The settlement of criminal cases through bargained guilty pleas has been the focus of increasing research interest over the past few decades. Generally, a plea bargain is reached through an informal process of negotiation in which the prosecutor and the defense counsel reach an out-of-court settlement. In such a settlement, the defendant admits guilt in return for some concession on the part of the prosecution (e.g., reducing the number and/or seriousness of the original criminal charges, or recommending a more lenient punishment than would otherwise be expected). From the prosecutor's viewpoint, plea bargaining results in speedy and certain conviction, especially when the evidence against the defendant is somewhat weak, thereby avoiding the possibility of acquittal in court, not to mention cost of the trial in terms of time and resources. From the judge's point of view, plea bargaining reduces the workload of the court. Research suggests that benefits such as these have led to increasing resort to plea bargaining. Indeed, in some jurisdictions, a vast majority of criminal defendants plead guilty after negotiation between the parties as a matter of course. (1)
However, despite its high frequency, plea bargaining remains one of the most controversial procedures in the criminal justice system; some commentators perceive it as an inevitable and even desirable practice, (2) whereas others consider it to be pernicious and immoral. (3) Such negative views of plea bargaining have led to attempts to eliminate it completely, or to forbid its use for selected offenses. (4)
In the context of this controversy, it is commonly argued that the public is generally located in the anti-plea bargaining camp, viewing it often with suspicion and great distaste. (5) This claim is based on the premise that members of the public abhor injustice and that, in their opinion, plea bargaining prevents justice from being served. Because a negotiated plea to a lesser offense or to a lesser punishment invariably leads to a lesser sentence, plea bargaining allows offenders to receive lesser punishments than they would have received had the prosecution proved the more serious offense at trial. Accordingly, the lay public is expected to voice disapproval when the judicial system lets an offender escape from a relatively serious punishment simply because an agreement between his/her defense counsel and the prosecutor has been reached. (6) Because the public tends to concur with conservative "law and order" advocates who favor tough policies for criminals, (7) it is often assumed that the public will condemn the practice of plea bargaining for being soft on offenders by virtue of the relatively lenient sentences handed down on offenders who admit guilt as a result of plea bargaining. (8)
THE PRESENT STUDY
The main premise of the present study is that, although the assertion that the public does not like plea bargaining seems logical, the assumption of general and uniform disapproval of this practice may not be valid and, therefore, needs to be tested. First, with the exception of a study by Cohen and Doob, (9) there has been no direct empirical investigation of such public perceptions. Second, homogeneous public views are often assumed to exist not only with regard to plea bargaining but also with regard to other crime topics (for example, criminal sanctions). However, research findings reveal that when appropriately analyzed, public attitudes are far from being homogeneous. (10) Third, it is difficult to pinpoint exactly how the public perceives plea bargaining due to the existence of considerable variation on many of its central characteristics. Plea bargaining practices may vary with respect to procedural features, the parties directly involved, their specific role in the negotiations, the kinds of concession offered, the stage in the criminal process in which the negotiation may be conducted, and the type of offenses to which it is applied. (11) The first hypothesis of this study deals with plea bargaining variability:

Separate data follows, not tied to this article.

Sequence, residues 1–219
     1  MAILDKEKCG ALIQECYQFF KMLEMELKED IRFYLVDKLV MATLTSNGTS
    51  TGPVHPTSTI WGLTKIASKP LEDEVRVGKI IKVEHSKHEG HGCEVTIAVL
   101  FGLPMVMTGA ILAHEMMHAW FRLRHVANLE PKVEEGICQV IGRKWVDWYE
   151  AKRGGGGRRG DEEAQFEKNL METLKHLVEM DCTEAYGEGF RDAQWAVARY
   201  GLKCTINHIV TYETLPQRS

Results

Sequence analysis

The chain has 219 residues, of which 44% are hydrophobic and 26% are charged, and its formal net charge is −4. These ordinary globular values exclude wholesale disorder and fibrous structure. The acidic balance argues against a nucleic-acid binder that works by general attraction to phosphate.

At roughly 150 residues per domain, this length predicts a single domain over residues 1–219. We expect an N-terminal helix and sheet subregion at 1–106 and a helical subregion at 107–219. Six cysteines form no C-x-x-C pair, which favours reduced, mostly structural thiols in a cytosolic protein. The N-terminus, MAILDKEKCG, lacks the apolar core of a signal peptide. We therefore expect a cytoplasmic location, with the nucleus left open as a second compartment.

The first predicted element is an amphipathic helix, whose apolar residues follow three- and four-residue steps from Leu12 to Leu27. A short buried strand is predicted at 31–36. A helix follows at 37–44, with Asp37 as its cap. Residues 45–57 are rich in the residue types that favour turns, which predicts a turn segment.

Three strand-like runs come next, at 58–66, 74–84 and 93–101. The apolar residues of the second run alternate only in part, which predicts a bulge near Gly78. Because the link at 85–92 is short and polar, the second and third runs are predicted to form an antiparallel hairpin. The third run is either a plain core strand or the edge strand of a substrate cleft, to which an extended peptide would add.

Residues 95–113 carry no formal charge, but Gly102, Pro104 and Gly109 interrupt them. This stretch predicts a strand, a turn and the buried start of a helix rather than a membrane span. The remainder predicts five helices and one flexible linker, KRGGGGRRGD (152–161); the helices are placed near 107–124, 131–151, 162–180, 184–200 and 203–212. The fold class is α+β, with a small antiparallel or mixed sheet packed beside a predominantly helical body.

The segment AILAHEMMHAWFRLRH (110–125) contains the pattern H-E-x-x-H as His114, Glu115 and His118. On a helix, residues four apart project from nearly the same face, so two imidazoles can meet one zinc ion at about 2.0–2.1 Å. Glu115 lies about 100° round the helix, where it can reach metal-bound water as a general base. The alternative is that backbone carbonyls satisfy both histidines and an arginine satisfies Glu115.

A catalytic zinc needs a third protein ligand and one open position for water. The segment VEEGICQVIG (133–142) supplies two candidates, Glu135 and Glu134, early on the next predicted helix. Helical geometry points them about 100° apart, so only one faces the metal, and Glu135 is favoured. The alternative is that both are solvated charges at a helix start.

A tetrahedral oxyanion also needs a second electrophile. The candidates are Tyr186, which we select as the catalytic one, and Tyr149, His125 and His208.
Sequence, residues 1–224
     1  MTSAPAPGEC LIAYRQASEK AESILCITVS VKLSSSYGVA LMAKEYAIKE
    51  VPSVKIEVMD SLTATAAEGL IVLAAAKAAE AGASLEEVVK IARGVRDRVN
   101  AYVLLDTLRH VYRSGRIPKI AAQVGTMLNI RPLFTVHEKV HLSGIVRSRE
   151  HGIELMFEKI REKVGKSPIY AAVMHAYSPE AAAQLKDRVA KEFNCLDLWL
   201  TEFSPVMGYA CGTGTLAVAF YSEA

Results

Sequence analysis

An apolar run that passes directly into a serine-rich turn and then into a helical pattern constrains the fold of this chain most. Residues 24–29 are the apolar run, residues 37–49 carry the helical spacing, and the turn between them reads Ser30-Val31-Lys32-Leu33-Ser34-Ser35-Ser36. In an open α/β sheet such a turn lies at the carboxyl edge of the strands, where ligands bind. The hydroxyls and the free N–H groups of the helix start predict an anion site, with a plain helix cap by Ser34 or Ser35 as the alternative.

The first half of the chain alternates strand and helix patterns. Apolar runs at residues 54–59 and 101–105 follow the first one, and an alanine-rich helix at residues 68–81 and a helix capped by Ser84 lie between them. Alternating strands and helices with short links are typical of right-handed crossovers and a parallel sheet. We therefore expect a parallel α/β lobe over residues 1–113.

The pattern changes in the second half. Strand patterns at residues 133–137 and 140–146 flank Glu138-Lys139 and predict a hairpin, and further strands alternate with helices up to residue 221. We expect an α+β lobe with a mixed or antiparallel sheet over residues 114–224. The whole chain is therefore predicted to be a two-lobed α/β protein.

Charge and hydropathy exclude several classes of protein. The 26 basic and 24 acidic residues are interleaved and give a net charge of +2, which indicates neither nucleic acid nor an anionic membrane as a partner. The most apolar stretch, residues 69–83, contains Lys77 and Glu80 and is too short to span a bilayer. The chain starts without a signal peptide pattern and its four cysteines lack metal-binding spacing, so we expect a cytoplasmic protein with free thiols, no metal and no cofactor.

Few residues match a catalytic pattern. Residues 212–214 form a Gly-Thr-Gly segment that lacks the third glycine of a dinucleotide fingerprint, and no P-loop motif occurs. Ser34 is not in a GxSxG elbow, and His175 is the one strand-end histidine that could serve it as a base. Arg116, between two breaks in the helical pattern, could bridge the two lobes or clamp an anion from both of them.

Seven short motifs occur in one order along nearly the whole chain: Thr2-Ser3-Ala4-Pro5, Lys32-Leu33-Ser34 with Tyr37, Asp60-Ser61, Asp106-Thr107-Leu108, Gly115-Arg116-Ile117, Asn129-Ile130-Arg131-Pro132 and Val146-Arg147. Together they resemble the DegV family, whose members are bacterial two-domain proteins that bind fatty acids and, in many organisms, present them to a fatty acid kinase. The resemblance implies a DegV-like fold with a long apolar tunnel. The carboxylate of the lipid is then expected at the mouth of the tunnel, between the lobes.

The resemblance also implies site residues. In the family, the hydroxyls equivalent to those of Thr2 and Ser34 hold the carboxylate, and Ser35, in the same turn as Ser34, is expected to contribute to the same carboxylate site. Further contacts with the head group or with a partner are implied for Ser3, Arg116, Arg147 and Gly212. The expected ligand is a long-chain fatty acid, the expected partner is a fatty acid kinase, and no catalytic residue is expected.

If a wide range of plea bargaining practices are presented to respondents for evaluation, public disapproval for plea bargaining will not be homogenous, as generally assumed. On the contrary, considerable heterogeneity will be found in public perceptions of such procedures.
In this study, a factorial survey approach was used in order to take into account the variability of plea bargaining practices. As will be explained later, (12) the factorial survey approach involves presenting respondents with short, multidimensional descriptions of complex phenomena (such as plea bargaining) for their evaluation. (13) This method overcomes many of the limitations of other, albeit simpler, survey methods used for assessing public perceptions of plea bargaining practices. (14)
It should be emphasized that plea bargaining does not constitute an end in itself, but rather a judicial means for settling criminal cases out of court. The second hypothesis of this study takes into account the wide variety of criminal offenses that might be subject to plea bargaining agreements:
Public perceptions of plea bargaining will be significantly affected by public attitudes towards the type of criminal offense settled by such an agreement. In other words, heterogeneous public attitudes toward different criminal offenses, ranging theoretically from complete approval to complete disapproval, will lead to heterogeneous public attitudes toward the plea bargaining practices used in settling them.